Don’t Be Suckered By Stock Market Rally In 2010

Photo by CoreBurn
Photo by CoreBurn

Global stock markets are poised to end on a high for the year after mounting an explosive recovery since March lows. The stock market rally, nearly ten months in duration, has surprised many naysayers with its longevity and magnitude. Nevertheless, after such a run-up, some consolidation is in order.

Rampant bullishness in the stock market disappeared over the past weeks and is likely to remain so till the end of the year. Stocks in various sectors (ranging from financial, property, construction, oil and energy) remain range-bound and though major indices are creeping up, they are being led by fewer counters and on low volume.

Bulls vs bears battle may be evenly split right now but according to most analysts, the stock market rally going into the new year is alive and kicking. Their forecasts of 1250-1300 are realistic enough with the 50-day moving average of 1,085 holding firm and could provide a launch pad for breakout in the coming weeks.

However, whether the S&P 500 can hold its ground till the end of 2010 is another question altogether. If you have gone through the internet and housing bust, you will know that analysts reports must be read with a healthy dose of skepticism. And when most of them agree, alarm bells should start ringing.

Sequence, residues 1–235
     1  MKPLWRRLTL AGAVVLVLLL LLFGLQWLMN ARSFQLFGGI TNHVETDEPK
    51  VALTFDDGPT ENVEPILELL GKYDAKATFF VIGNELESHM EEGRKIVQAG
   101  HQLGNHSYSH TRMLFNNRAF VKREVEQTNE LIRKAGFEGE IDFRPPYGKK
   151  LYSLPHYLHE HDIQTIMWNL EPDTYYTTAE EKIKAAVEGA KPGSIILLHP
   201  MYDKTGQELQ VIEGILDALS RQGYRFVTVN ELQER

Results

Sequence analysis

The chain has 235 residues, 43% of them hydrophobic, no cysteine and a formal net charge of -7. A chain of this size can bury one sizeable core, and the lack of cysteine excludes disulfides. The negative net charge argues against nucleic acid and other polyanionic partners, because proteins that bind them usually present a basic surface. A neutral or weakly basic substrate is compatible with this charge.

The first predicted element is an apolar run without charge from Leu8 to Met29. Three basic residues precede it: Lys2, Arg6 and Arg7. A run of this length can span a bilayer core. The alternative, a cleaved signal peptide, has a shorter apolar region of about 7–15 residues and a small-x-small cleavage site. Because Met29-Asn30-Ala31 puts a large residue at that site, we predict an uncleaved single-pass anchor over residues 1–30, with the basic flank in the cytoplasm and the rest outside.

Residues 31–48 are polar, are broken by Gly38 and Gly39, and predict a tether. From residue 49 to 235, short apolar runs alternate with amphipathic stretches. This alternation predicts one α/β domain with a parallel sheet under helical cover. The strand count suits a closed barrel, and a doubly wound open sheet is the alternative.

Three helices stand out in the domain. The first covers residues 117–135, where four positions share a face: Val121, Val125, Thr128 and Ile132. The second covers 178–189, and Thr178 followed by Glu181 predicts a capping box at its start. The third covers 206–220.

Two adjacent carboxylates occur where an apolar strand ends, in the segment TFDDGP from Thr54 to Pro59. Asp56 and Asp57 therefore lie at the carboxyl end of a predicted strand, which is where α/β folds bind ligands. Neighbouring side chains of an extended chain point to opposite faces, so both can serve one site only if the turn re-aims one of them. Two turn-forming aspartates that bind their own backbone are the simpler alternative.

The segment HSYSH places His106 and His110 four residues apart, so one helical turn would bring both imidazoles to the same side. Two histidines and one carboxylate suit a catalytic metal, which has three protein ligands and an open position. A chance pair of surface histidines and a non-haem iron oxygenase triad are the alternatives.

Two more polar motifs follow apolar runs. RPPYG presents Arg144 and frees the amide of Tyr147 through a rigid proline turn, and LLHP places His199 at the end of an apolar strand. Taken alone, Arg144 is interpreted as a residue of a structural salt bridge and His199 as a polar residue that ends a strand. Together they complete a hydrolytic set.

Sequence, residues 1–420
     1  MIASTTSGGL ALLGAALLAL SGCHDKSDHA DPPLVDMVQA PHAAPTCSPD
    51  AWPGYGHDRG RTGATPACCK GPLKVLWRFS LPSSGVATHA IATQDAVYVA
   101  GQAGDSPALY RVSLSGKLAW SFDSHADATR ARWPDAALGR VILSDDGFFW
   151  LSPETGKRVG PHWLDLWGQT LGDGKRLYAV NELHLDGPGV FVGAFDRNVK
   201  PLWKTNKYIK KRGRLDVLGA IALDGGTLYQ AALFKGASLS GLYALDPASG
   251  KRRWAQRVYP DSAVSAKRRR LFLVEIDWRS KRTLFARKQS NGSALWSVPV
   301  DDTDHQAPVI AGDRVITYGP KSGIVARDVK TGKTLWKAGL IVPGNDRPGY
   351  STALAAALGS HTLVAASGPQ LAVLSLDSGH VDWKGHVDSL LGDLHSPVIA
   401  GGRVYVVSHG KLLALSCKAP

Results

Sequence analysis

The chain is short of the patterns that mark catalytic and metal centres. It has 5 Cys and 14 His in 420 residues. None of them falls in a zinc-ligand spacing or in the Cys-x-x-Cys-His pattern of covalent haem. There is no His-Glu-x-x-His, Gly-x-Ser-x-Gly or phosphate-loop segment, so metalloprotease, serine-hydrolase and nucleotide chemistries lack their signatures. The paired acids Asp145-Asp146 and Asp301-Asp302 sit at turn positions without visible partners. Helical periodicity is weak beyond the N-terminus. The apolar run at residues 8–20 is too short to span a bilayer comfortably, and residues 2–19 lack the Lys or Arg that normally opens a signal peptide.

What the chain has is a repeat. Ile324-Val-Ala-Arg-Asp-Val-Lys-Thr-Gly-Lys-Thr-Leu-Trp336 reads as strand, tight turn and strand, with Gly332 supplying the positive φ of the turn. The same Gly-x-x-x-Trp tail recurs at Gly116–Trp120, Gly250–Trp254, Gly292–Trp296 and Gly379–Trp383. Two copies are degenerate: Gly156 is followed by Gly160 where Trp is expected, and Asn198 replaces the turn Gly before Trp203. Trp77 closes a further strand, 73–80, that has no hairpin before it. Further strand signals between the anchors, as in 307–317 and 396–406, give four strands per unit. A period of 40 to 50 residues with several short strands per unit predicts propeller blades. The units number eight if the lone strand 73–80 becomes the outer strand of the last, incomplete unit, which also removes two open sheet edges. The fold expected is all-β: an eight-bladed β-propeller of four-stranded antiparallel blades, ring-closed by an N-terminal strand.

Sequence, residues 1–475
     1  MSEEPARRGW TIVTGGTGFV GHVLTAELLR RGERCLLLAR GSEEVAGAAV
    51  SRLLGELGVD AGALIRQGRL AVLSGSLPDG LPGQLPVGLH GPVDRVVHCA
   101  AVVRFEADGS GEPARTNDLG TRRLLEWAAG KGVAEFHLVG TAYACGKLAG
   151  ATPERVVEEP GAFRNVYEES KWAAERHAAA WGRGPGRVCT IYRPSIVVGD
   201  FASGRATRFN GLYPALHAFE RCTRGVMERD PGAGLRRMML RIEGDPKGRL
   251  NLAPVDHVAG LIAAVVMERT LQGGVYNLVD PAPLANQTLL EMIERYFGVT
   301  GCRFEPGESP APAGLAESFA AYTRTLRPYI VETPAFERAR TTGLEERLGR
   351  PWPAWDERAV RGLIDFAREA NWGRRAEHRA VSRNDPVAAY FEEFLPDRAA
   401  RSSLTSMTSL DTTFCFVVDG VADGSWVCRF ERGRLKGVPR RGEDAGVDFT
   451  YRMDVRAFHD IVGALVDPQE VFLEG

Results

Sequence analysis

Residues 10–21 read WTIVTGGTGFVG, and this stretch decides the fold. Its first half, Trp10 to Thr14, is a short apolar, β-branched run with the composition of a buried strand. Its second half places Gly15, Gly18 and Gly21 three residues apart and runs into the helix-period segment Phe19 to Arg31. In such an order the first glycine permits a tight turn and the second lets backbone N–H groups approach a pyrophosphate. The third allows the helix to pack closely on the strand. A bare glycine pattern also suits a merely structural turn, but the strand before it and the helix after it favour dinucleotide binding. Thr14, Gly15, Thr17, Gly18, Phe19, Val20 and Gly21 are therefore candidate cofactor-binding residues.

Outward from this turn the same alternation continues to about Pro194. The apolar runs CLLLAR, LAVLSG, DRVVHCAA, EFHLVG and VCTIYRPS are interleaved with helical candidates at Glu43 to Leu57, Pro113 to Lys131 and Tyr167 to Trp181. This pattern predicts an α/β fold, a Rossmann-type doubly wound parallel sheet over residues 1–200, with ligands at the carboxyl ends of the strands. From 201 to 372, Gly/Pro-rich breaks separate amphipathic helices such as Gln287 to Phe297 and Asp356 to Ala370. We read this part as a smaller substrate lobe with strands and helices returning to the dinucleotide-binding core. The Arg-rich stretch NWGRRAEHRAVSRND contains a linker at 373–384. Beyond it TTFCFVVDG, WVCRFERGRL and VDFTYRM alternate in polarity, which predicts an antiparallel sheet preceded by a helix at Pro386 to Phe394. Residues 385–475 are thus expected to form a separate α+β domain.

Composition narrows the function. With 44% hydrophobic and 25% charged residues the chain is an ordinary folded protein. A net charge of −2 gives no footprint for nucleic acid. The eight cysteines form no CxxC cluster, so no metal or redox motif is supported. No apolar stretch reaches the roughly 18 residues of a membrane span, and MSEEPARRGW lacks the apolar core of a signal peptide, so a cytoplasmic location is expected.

As a buy-and-hold investor, there are much to worry about, but you should enjoy the rosy picture of improving economic conditions being painted in the short term. Confidence in a robust economic growth has underpinned the optimism in stock markets.

US economic indicators are mixed but certainly more encouraging than in March. Expansion in the manufacturing sector is slowing down but the Federal Reserve’s industrial production report showed a month-over-month increase.

Jobless claims fell by 28,000 last week to 452,000 – the lowest level since Sept 2008 before the implosion of Lehman Brothers sent financial markets into a tailspin. Barack Obama is still not happy with the unemployment rate though and has urged banks to lend more aggressively to small businesses.

I am not sure if that is a good call because 133 banks have failed so far by acting against their better judgment during the boom years. It is actually refreshing to see banks exercising prudence and shoring up their balance sheets. But even if all the redtapes are removed, many businesses are still wary about expanding production and increasing payrolls when consumption is still anemic. Read more…

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